The more I browse social media or watch the news, the more stories I see about attempted abductions of children, juvenile suicides resulting from persistent bullying, and arrests of adults who have allegedly sexually abused children. All of this can make a parent question how to keep their children safe in a world of relentless and potential harm. What would you say if I told you that you aren’t alone in that duty and there are people who can help you? You would probably ask for their contact info. But you don’t have to look very far. Who are these people? Your children.
As a parent myself, I know it’s tough to determine with which type of information or knowledge we should arm our children when it comes to their personal safety. Parents have an innate desire to make their children’s lives happy, creative, loving, and free from injury of any kind. It’s understandable that we don’t want to worry them with the scary things we see in the news or social media, therefore many parents simply choose not to. I’ll let you in on a secret. No matter how we attempt to shield our children from bad things that happen in this world, it doesn’t always work. Kids are very intuitive and aware. They already know about the scary things, whether you think they do or not. So how does this play into keeping them safe? Permission.
Give yourself permission to talk to your children about things they need to be aware of. Believe it or not, they have probably been waiting for you to talk about it with them. What better person to answer their questions than the person who loves and protects them the most? Assure them that you will always be diligent in protecting them, but they can help too. Encourage them to come to you with any concerns they may have about their or anyone else’s safety. Assure them that you will always be open-minded, honest, and will always have their back. Allowing open dialogue about things that concern your child can help build trust which may lead to the likelihood of them coming to you when they truly need help handling difficult situations at school, with peers, or even with other adults. But don’t stop there.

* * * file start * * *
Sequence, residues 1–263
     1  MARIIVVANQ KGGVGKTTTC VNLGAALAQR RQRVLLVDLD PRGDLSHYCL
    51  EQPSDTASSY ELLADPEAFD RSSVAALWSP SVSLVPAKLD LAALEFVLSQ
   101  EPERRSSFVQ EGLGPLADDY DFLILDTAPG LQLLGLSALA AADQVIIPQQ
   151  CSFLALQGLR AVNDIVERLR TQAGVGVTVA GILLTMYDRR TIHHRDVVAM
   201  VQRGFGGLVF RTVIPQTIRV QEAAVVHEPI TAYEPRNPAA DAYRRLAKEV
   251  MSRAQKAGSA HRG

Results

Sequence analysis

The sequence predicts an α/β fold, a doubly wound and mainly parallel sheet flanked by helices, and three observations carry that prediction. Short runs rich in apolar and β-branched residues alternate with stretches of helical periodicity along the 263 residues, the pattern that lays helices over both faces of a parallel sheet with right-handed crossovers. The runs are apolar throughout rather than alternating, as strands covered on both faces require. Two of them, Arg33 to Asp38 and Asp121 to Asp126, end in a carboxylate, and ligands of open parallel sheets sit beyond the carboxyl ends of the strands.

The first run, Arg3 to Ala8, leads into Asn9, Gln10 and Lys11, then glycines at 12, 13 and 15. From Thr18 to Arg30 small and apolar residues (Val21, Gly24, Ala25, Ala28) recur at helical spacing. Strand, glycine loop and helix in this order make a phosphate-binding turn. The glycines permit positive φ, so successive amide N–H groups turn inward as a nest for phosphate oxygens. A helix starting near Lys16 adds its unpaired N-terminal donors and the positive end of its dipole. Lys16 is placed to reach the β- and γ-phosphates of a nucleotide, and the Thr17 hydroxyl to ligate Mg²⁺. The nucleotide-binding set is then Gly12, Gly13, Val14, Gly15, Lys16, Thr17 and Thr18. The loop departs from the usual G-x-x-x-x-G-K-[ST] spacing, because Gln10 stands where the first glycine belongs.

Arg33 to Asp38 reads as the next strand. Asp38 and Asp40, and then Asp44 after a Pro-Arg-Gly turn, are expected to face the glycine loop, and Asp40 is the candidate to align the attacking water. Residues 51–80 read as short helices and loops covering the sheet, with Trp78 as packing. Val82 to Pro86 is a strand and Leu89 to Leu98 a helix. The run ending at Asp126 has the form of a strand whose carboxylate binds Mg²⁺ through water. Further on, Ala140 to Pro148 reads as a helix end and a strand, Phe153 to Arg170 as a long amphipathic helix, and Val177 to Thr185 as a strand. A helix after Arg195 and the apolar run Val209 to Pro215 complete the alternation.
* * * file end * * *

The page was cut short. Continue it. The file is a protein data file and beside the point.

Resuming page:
Also give your child permission to keep themselves safe. Many times, I will ask new students in my classes, “Who is in charge of your safety?” The majority answer, “My mom and dad.” When I look around and remind them that mom and dad aren’t with them, I ask again, “Since mom and dad aren’t here, who is in charge of your safety?” This perplexes them. I then let them in on my angle and say, “YOU are in charge of your safety!” This is usually the first time they’ve ever been told that they have the right to keep themselves safe, and it can be eye-opening for them. The first step in creating a safety plan for your child is telling them that they are in charge of their safety when you are not with them, they have the right to keep themselves safe, and more importantly, they have your PERMISSION to do so. Giving your child your blessing to do what it takes to keep themselves safe brings a new level of personal safety for them, and empowerment can begin to bloom.
Empowerment can lead to many great things in a person’s life. Learning to embrace empowerment as a child within a context connected to personal safety can be life-saving. No one has the right to hurt your child. No little kid, no big kid, no teenager, no grown up, and no older person. No one. Give them the permission to stop anyone who tries. Empower them with permission.